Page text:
3 min read

Dr. Natalie Lopez Gundin

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Prevent Text Neck Pain With These Three Exercises

Text neck, or what is otherwise also known as “tech neck,” is a catchy term coined to describe forward head posture after hours glued to your phone, laptop, or TV.

Text neck may lead to stiffness, and dull pain either felt at the top of the neck or the lower neck close to the shoulders. For some people, the sustained tension in their neck can lead to cervicogenic headaches, or what is commonly known as tension headaches.

People’s resting postures where their head is forward, rounded upper, or rounded shoulders are just a few of the symptoms that lead to text neck. The longer you have forward head posture, the more force gets placed on the neck. Without proper prevention, this feeling of discomfort or tightness may eventually lead to other issues like nerve irritations, headaches, thoracic outlet syndrome, or disc bulges.

To help defend your body from neck pain, try these three exercises.

Seated Chin Tucks
Girl doing chin tuck
Start position Bring your hand behind your head and tuck in your chin. Press the back of your head into your hands, while looking straight ahead.

End position After 5 seconds, release the tucked chin position.You should feel a stretch at the top of your neck and a slight contraction on the front of your neck.

Complete 8 x, every 30 minutes.

Chin Tuck and Wall Angels
Girl doing chin tuck and wall angels

Start position Lean against a wall, either standing or seated and begin to tuck your chin. Bring your arms up into shoulder height with your elbows bent at a 90-degree angle.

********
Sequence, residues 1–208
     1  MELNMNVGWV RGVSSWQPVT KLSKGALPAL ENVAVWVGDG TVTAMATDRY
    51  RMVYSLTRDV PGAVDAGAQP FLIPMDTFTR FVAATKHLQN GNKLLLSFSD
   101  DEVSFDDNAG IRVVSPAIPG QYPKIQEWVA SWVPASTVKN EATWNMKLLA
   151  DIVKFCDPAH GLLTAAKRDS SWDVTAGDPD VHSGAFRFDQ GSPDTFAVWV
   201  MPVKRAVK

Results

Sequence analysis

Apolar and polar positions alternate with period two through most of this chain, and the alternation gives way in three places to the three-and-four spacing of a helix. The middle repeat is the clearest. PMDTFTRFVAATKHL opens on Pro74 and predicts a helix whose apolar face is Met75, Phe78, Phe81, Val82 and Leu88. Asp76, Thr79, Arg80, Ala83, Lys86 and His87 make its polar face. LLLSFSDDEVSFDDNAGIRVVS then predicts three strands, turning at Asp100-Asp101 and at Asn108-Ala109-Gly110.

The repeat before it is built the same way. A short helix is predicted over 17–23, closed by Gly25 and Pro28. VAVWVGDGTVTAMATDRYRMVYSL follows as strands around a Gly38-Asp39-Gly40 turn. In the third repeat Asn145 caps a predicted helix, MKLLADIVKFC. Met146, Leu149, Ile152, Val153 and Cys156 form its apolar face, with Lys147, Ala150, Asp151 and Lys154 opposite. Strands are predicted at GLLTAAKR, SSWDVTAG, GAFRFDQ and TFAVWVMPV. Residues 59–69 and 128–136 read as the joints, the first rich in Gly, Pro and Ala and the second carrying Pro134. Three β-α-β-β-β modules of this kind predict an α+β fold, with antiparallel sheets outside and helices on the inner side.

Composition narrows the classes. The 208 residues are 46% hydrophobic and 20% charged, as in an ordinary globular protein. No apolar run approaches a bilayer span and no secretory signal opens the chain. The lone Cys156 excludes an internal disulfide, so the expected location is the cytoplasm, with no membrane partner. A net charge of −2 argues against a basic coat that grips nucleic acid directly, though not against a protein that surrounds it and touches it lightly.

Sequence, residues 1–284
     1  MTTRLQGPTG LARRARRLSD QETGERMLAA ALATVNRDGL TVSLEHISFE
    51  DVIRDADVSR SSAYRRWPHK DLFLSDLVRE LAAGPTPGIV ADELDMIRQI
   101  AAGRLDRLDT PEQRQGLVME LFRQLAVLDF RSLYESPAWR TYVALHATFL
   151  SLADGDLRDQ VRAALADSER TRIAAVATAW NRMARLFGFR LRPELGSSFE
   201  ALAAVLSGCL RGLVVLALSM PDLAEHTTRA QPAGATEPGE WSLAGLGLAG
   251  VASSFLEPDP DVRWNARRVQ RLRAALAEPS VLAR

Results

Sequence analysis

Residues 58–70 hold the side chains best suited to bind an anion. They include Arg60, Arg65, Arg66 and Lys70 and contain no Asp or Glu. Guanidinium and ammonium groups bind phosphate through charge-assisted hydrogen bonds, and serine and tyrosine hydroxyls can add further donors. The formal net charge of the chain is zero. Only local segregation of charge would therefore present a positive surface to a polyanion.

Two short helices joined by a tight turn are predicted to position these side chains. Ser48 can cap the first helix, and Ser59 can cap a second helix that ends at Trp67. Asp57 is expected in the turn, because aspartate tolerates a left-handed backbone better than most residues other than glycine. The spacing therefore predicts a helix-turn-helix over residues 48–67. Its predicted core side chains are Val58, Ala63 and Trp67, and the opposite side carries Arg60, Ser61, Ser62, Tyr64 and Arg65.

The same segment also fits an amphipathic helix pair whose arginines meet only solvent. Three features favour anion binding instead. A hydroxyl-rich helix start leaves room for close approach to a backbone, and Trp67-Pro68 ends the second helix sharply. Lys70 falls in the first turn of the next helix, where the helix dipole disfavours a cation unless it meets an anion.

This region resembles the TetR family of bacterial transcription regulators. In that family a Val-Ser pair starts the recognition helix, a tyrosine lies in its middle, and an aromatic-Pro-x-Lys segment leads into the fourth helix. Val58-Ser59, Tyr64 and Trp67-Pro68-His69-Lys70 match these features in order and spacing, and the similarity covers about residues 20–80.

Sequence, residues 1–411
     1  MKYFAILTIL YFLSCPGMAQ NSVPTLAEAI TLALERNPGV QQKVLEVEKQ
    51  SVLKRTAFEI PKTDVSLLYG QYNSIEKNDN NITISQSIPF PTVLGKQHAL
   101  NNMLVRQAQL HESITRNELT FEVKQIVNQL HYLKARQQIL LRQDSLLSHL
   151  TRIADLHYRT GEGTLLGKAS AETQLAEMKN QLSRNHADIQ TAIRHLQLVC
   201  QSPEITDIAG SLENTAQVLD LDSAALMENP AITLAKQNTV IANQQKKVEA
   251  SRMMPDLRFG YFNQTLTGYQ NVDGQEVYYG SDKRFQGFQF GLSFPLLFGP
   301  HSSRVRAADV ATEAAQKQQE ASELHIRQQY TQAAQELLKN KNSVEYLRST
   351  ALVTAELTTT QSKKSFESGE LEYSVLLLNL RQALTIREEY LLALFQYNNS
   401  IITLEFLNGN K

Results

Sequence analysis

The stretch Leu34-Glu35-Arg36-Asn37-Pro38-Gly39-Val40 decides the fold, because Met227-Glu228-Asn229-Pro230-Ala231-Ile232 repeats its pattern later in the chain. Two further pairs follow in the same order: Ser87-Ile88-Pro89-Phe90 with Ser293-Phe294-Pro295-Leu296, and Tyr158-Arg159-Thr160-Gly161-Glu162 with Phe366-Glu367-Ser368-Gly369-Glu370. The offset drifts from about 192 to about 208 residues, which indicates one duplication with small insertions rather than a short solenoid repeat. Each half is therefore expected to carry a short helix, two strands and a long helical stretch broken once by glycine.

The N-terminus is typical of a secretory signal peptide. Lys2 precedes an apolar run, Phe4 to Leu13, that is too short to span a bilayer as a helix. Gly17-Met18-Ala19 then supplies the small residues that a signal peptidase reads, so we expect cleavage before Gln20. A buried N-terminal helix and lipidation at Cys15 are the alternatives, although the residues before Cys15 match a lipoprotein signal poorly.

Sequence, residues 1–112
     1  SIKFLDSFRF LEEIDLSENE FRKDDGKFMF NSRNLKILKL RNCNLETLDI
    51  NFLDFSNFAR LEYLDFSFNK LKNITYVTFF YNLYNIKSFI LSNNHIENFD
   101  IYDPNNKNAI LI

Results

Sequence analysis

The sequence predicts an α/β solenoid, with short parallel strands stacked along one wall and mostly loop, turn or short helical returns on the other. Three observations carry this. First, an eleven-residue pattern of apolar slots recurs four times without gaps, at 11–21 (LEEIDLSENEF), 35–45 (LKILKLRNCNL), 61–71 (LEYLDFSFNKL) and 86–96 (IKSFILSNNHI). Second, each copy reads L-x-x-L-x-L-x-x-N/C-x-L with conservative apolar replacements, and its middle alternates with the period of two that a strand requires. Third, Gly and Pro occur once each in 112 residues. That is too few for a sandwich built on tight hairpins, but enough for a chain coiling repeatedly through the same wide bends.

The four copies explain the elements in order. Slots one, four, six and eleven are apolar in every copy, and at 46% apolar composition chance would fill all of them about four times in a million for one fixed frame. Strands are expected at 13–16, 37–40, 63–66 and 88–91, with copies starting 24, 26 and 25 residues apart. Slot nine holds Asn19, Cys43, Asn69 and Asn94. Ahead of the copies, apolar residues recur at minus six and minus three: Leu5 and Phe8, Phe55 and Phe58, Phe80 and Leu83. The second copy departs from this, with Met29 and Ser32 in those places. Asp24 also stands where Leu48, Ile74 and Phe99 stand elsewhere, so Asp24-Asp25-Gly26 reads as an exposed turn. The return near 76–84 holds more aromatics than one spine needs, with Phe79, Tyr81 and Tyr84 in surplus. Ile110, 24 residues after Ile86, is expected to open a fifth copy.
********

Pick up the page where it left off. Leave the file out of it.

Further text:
End position Slide the arms up and down the wall in a snow angel position, and maintain the chin tuck throughout. It’s essential to try to keep the backside of the forearm against the wall during this movement (if you can’t, that’s okay go as for back as you can).

You should feel a slight stretch on the back of the neck, a stretch in your chest and a slight contraction at the back of your shoulders. If your shoulders are tight this will feel like a bit of work on the front of the shoulders

Complete 8-10 reps, every 1-2 hours.

Thoracic Spine Extension
Girl stretching her back Girl stretching her back
Start position You can use the side of your couch, bed, or desk/table. With either your elbows bent or arms straight (whichever is most comfortable), slowly bring your chest down and your head through your arms.

End position Now begin to round your spine as high up as you can. Repeat and continue this movement through your upper back.

You should feel a stretch in your upper back between your shoulder blades and in your armpits.

Complete 10 reps, every 1-2 hours.

3 min read

Rebecca Armstrong

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Five Commute Exercises To Do For Neck Pain and Lower Back Pain

Typical activities while commuting, like staring at your phone or reading, also increases neck tension.

Your commute, plus sitting at work, is a lot of time that your lower back is inactive; therefore, causing lower back pain. “If you don’t use it, you lose it”. While we may not be able to do anything about the commutes (aside from relocating closer to our workplaces), we can optimize our time commuting to ensure your body won’t feel the after effects of logging countless hours on the bus or train.